State Sen. Bill Dodd shrugs at spending a chunk of his own cash — roughly $60,000 — to fight Tuesday’s California Recall Election of Gov. Gavin Newsom.
“I do fundraising for things like this. It’s part of doing business,” Dodd said by phone Wednesday, obviously happy with the results of what he called “a sham recall.”
“I had a pretty good idea if the Democrats got out and voted, this recall election would not go anywhere and Gov. Newsom would prevail,” Dodd said. “People voted and that’s the result.”
Dodd said he exchanged texts with Newsom this week.
“I think he’s very happy with the results,” Dodd said. “Hopefully we can now move on from this and get on with solving the state’s problems — and we have lots of problems.”
It’s estimated that $275 million was the cost for taxpayers to fund the failed attempt at dethroning Newsom, with “No” votes getting 65.9% of the votes tallied as of Wednesday afternoon.
That kind of loot could help with taking on everything from wildfires to the homeless situation, point out recall critics. Or, as Dodd points out, it could go toward helping to renovate Highway 37.
Dodd said he’s trying to pull a few rabbits out of a lot of financial hats to avoid a toll road.
“Before it’s all said and done, to do it right, it’ll take $2.5 billion to $3.5 billion from one end (of 37) to the other,” Dodd said.
Adjusting to the rising sea level is a priority, Dodd said, and it’s not something happening in 2035.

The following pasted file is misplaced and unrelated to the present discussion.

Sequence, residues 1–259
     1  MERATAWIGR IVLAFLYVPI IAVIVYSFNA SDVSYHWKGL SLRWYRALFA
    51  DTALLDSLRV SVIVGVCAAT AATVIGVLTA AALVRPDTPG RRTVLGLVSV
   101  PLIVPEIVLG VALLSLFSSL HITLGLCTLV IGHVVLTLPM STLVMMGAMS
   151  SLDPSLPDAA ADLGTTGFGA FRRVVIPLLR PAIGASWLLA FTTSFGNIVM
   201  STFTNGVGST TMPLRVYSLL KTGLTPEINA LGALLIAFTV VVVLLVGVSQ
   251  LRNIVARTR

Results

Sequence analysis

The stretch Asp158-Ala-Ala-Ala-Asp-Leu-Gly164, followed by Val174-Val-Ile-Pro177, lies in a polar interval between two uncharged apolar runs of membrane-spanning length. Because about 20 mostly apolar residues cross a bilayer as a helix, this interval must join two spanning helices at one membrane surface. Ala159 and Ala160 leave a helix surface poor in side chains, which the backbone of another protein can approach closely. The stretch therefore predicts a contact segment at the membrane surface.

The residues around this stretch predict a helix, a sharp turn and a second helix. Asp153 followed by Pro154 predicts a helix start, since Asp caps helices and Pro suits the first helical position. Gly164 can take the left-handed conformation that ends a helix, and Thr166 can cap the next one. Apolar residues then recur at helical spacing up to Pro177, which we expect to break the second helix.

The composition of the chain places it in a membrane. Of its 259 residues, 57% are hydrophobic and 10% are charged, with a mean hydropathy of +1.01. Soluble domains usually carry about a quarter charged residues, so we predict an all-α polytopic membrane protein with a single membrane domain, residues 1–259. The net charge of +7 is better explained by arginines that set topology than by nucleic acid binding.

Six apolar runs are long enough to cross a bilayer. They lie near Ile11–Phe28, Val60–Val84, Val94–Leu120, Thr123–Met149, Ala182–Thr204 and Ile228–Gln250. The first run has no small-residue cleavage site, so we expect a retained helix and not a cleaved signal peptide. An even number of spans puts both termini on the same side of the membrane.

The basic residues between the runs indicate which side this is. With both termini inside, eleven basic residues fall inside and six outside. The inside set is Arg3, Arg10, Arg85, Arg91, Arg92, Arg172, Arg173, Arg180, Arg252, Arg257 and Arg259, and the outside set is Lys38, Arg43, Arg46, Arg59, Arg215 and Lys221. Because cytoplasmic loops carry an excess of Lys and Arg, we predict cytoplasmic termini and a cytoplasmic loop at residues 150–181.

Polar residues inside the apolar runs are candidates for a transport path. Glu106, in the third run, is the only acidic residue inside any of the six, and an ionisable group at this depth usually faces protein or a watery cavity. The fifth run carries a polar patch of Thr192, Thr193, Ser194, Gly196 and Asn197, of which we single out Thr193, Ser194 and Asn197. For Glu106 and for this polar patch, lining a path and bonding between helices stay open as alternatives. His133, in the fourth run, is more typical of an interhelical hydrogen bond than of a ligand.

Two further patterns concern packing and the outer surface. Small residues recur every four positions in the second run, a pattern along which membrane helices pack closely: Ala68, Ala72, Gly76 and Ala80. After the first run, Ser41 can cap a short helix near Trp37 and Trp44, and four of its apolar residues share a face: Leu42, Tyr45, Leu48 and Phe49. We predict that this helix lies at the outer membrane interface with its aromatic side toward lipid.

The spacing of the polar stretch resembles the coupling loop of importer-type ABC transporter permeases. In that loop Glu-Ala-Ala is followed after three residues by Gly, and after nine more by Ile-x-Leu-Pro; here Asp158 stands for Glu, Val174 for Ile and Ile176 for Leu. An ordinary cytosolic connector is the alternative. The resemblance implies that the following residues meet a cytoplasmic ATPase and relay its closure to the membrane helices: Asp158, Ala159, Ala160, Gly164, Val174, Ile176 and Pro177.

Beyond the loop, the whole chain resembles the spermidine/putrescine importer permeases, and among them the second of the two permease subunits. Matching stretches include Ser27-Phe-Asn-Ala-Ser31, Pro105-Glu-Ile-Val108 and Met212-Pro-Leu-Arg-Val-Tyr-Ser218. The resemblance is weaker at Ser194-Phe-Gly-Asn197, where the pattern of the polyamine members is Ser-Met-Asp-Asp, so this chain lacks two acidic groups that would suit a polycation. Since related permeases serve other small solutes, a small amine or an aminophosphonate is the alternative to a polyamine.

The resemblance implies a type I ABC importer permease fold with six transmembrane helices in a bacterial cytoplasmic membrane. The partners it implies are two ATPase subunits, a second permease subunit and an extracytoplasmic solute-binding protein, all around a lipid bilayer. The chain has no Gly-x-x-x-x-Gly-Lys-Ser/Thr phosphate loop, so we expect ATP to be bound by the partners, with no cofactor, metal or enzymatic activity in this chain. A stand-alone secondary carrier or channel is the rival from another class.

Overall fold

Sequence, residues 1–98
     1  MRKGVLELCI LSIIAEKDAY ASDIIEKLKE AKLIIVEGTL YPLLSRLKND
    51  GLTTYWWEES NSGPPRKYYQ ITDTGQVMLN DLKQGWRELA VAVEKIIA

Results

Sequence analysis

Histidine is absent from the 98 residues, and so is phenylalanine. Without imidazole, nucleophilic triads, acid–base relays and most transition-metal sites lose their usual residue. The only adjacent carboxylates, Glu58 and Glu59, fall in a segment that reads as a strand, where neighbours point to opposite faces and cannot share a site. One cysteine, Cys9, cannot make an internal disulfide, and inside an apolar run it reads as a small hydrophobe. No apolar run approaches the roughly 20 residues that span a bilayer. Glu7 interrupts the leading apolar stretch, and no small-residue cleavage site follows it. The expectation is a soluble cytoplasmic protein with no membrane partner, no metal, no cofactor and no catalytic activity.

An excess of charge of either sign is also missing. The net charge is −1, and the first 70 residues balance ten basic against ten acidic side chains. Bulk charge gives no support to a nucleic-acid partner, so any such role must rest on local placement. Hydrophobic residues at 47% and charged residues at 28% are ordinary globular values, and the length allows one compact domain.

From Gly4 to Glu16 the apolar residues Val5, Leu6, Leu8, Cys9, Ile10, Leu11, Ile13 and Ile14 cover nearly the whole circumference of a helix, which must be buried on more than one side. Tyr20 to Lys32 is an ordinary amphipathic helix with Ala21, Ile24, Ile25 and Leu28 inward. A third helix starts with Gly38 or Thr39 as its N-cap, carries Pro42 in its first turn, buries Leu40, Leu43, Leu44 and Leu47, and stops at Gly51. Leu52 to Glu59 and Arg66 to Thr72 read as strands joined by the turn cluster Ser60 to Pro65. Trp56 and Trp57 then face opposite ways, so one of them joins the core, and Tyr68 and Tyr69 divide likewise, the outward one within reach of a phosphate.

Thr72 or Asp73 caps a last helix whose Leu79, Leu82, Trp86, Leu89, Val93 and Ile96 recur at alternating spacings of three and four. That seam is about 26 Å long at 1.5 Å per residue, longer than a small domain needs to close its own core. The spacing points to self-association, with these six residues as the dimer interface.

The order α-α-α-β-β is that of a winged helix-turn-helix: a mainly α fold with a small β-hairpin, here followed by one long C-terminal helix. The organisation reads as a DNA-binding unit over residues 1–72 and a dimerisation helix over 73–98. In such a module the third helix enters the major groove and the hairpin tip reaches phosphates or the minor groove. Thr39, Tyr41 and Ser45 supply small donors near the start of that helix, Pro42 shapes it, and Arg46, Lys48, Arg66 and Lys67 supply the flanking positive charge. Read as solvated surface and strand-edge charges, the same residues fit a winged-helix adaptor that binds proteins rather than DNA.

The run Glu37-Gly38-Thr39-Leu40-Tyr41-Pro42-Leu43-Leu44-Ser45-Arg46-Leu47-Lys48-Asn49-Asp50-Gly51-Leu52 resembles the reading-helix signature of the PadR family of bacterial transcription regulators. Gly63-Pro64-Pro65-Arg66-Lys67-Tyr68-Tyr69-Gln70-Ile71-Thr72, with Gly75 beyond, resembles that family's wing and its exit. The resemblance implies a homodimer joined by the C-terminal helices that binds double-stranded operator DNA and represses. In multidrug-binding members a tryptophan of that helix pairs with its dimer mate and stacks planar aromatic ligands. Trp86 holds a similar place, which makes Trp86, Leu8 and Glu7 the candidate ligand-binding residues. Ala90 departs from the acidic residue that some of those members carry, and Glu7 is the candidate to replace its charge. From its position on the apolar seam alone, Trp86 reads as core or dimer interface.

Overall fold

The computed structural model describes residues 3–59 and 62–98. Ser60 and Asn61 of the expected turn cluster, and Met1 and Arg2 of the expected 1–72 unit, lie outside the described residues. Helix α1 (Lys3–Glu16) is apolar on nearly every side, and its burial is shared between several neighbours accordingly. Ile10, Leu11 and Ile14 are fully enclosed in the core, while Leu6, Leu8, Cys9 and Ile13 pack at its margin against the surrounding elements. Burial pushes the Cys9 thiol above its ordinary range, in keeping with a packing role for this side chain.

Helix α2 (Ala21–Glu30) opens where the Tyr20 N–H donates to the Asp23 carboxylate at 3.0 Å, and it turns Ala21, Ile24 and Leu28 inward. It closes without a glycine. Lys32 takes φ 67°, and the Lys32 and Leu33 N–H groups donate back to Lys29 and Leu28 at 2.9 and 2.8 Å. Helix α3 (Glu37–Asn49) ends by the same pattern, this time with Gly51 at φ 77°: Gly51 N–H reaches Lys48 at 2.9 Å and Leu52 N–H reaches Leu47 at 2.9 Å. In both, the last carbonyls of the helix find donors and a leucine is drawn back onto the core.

“It’s already happening, particularly on the west end,” Dodd said. “There wasn’t enough rain this year, but there was significant flooding two years ago in that corridor to where they shut it down.”
A rising sea level “is coming to a theater near you sooner rather than later,” Dodd said. “It’s already here.”
In a press release earlier this week, Dodd said that “global warming has triggered a dangerous rise in tidal waters across the San Francisco Bay and that’s now threatening a vital commuter route,” with the $5 million targeted for “addressing the environmental degradation of our wetlands and advance improvements to this critical transportation artery. These investments bring us closer to creating a sustainable and less congested roadway.”
Dodd believes more Republicans are accepting climate change as legitimate.
“A lot of Republicans are coming around, seeing the wildfires, floods, tornadoes. It’s become obvious,” Dodd said.
The $5 million funded via Senate Bill 170 passed the Senate, 63-12, and Assembly, 29-3, late Thursday. It will be administered by the Sonoma County Transportation Authority. The allocation comes in addition to $3 million secured by Dodd in the July budget, earmarked for design and planning of interim improvements including adding a lane between Sears Point and Vallejo to increase capacity and reduce traffic.
Highway 37 wasn’t a priority when the Bay Area planners mapped out the area 15 years ago, Dodd said.
“It was just never on the regional plan,” he said. “Now it’s on the regional plan.”
Sign up for email newsletters